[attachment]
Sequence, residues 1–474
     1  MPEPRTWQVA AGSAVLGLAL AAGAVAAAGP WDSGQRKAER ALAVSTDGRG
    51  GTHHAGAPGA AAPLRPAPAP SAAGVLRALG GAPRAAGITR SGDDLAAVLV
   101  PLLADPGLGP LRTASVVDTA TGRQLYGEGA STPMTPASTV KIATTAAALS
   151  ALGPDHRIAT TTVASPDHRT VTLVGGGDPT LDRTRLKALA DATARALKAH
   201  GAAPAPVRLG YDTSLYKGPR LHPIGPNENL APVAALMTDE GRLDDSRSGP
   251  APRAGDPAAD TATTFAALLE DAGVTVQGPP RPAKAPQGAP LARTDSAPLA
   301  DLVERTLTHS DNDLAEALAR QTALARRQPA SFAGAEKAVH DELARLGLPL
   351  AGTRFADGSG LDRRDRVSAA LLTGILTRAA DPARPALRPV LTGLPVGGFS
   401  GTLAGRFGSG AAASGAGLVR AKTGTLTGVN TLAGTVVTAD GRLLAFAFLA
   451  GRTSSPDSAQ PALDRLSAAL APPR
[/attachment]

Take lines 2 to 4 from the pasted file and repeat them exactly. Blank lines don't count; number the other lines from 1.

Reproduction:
     1  MPEPRTWQVA AGSAVLGLAL AAGAVAAAGP WDSGQRKAER ALAVSTDGRG
    51  GTHHAGAPGA AAPLRPAPAP SAAGVLRALG GAPRAAGITR SGDDLAAVLV
   101  PLLADPGLGP LRTASVVDTA TGRQLYGEGA STPMTPASTV KIATTAAALS